As far as mixed-income developments go, I don’t know how things are in fair New York City, but here in Minneapolis the way it works is this: find one of the few remaining public housing projects, especially if it’s a really nice one that isn’t just a couple of towers. Evict as many people as possible under false pretences. Declare that you will be replacing the project with a “mixed income development” that will contain a large proportion of low-income housing. Evict everyone else. Bulldoze everything. Have lots of construction delays and kickbacks and corruption charges, so that everyone who was evicted has left town, found somewhere else, or become homeless. Build a “mixed income development” with maybe 5% low-income housing.

    Minneapolis has lost lots and lots of low income housing through repeats of this process. It’s crap. “Mixed development” means nothing unless it’s really designed to house as many people as need to be housed.

    One of the reasons this society rewards home ownership as it does is because homeownership is skewed towards white and middle class people. Things are different in Europe–hell, things are different in Singapore! And honestly, this country wouldn’t have so much of a “pull yourself up by your bootstraps” attitude if there were more white people on the bottom of the heap (to mix a metaphor). It’s not enough to say that class trumps race, any more than it trumps gender. Class, race, and gender intersect/co-mingle/reinforce.

  8. 8 Tenda

    Isn’t it worse in Paris? The ghettos are in the suburbs, and they got absolutely no way of getting out, and moving up, and moving into the city. And of course, the poor ain’t white.

  9. 9 greg mi

    Ok, well, as a white person who sees more black people in my neighborhood than white people, i now realize that i am a monster and will now go kill myself because i don’t want to live around white people.

  10. 10 Ebony

    I am from New York City. My mother was born and raised in Harlem in Drew Hamliton Projects. If you are from New York you know where Drew Hamilton is. I am disgusted with the invasion of white people in Harlem. I am not racist but I am proud of Harlem. I like the idea of segregation in Harlem. It’s not Harlem without black people, the same goes for New Orleans. White people have every neighborhood from A street to 96th street as well as Inwood. Why do they need Spanish Harlem, Harlem, and Washington Heights. These people can live anywhere in the 5 boroughs but choose to move to Harlem. They treat this area as if it was nothing before they got there, as if people didn’t reside in this area prior to them moving in. They don’t understand the value of this area. Not to mention Harlem is not like areas such as Detroit and cities in Chicago. We do not need white people to make Harlem prosperous. Businesses choose not to put anything in Harlem because they feel that because Harlem is largely black, no one has any money. Which is false. I am saddened by the population of white people moving in. My mom deals with these people because she works in a place where she sells rich white people expensive bath products for their home. They don’t understand why black people within the community are upset. They are oblivious and most of them don’t care or they thought that large groups of black would enjoy their company. I don’t. Harlem will become predominantly white especially since manhattan is turning into a buy only zone. Renters will be pushed out and unfortunately there are those black who people don’t have the means to purchase their own homes. I am away at college and my mom live on the upper east side but I am now trying to save money so that I can move to Harlem with my mom. I want to do my part as much as possible.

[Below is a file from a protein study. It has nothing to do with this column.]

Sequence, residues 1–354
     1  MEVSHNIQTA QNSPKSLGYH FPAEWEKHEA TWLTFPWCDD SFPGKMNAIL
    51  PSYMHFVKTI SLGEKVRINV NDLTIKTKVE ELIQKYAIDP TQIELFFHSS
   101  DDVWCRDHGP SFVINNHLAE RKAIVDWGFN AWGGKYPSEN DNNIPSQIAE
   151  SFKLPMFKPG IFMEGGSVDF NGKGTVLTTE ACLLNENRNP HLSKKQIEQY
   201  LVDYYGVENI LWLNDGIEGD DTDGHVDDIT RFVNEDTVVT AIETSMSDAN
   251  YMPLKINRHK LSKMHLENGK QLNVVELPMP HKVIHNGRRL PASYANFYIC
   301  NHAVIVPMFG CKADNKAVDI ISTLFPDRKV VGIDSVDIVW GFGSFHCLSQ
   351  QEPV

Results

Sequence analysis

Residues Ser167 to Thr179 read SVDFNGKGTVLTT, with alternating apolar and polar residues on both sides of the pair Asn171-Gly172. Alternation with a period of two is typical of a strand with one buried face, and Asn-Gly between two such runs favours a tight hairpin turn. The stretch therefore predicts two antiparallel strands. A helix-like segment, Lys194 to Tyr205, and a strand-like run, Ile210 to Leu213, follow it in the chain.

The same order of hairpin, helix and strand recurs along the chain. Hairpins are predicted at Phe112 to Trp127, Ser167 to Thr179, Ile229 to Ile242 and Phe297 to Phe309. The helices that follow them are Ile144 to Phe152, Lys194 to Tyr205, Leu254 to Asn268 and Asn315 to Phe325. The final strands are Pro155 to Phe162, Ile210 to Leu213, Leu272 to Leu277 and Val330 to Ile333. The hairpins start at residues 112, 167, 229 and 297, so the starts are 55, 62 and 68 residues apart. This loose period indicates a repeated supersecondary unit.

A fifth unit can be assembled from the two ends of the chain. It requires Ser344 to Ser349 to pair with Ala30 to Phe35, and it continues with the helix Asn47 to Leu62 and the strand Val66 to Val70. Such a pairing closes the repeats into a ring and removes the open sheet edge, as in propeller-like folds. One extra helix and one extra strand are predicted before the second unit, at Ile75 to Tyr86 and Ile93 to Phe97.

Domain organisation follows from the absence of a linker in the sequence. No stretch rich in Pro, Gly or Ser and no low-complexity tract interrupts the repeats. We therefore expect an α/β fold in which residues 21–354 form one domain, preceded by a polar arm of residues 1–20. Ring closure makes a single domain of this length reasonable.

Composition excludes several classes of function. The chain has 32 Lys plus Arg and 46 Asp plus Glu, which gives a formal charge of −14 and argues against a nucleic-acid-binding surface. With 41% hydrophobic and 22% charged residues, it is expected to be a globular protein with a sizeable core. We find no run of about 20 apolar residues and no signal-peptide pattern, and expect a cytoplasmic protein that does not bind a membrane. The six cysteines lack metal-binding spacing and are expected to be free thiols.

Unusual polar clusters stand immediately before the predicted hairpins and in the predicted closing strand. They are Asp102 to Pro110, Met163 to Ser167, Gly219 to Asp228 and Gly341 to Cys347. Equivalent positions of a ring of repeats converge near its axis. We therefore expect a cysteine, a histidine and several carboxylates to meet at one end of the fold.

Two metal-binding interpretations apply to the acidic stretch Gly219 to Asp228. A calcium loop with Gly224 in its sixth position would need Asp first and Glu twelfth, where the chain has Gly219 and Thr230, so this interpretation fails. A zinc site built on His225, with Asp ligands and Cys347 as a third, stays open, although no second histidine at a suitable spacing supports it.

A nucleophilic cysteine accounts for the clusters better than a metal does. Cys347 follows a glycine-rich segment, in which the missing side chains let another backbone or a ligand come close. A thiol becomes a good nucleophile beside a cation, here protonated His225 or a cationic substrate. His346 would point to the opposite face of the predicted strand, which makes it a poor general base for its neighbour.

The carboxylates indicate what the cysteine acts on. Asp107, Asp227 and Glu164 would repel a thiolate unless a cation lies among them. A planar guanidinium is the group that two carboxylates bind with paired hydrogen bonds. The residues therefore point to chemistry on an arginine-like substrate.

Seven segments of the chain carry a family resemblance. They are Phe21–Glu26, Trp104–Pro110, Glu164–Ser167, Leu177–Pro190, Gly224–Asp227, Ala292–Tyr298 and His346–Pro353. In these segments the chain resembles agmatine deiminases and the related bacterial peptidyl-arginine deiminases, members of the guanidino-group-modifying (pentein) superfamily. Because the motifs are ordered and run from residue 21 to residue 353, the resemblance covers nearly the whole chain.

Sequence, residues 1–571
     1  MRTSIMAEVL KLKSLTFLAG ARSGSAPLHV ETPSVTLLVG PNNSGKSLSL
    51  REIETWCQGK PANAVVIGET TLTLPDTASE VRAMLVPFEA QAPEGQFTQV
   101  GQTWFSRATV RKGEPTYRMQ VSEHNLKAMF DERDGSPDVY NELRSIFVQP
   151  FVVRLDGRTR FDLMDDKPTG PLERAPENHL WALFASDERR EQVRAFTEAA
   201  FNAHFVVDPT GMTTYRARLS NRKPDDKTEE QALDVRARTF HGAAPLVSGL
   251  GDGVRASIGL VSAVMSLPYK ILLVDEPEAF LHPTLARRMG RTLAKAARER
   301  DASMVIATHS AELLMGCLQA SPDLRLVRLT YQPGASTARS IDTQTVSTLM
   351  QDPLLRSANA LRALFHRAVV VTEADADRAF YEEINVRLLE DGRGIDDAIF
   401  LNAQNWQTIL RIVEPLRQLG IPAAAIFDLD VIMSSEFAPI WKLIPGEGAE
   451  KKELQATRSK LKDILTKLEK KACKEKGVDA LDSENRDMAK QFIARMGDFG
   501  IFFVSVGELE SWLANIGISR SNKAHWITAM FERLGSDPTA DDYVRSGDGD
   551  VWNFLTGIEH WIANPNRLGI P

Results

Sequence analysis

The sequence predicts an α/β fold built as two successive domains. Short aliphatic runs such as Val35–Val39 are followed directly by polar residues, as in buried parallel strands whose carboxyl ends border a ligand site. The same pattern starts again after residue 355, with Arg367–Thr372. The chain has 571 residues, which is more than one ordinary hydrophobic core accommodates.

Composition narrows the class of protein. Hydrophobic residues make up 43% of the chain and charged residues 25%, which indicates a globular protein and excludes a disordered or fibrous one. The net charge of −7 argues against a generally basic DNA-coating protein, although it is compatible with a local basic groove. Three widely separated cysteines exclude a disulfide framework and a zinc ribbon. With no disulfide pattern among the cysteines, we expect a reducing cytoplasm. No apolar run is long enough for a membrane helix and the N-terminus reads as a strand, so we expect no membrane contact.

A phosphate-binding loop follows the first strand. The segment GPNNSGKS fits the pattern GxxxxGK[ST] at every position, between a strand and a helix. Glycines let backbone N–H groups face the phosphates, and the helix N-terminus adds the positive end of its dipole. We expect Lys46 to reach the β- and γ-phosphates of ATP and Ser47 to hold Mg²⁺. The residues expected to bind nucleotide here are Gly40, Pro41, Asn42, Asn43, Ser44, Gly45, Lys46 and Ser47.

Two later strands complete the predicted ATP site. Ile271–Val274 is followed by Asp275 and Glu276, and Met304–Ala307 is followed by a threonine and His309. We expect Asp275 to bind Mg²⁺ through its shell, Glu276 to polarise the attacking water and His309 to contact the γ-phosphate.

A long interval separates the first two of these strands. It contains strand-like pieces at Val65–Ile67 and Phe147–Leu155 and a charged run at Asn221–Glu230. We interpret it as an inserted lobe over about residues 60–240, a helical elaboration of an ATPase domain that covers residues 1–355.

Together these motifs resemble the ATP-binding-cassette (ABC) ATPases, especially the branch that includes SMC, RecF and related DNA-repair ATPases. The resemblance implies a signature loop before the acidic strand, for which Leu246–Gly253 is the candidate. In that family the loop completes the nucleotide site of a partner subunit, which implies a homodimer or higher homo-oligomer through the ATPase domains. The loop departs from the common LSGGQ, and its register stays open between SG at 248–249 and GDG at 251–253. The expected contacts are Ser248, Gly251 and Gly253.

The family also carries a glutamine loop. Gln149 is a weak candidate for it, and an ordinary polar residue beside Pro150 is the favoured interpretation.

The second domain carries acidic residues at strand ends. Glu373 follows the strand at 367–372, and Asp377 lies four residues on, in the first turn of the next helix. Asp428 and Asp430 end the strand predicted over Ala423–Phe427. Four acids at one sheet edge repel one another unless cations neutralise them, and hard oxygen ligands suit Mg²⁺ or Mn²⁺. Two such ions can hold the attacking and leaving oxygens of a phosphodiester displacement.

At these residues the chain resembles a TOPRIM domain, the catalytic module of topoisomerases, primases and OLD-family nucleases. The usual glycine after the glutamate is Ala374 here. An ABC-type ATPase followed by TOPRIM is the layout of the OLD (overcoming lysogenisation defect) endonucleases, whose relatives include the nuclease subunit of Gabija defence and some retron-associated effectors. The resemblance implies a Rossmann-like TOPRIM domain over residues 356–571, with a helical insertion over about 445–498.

11. 11 Gina

    I am from Arizona and this is happenign all over the state here. People form California (equity refugees) are moving every where in this state and the natives of Arizona can’t compete with there wealth or equity from their homes. they have driven home prices up to rediculous levels. California developers build trct homes and the same stores and restuarants. PHX has no where left to grow so they began building in Sout Phoenix and downtown, which was grossly ignored before the housing boom. They are destroying my home with no regrad to the people that live here or the environment. Arizona is a desert. Now they buy their vacation homes int he smaller communities and have completly outpriced the locals. Greed and Extravegance are great.

  12. 12 Nicole

    I’m white, and I live in Harlem. I’ve also lived in East Harlem, and loved both. I’m from out of state, so no, I can’t go “back” down town. Could someone please provide directions to the neighborhood that I can afford & call home? Of course I don’t want to be the cause of people being pushed out of their homes, but the current housing market is what it is and I refuse to take responsibility for it because of the color of my skin. I acknowledge the facts, but the anti-white message that I’m hearing too often implies that my 2 black roommates have a right to live in our apt., but I don’t. And if we’re placing blame, then we should remember that there are people of color making a pretty penny selling their real estate in gentrifying neighborhoods and never looking back.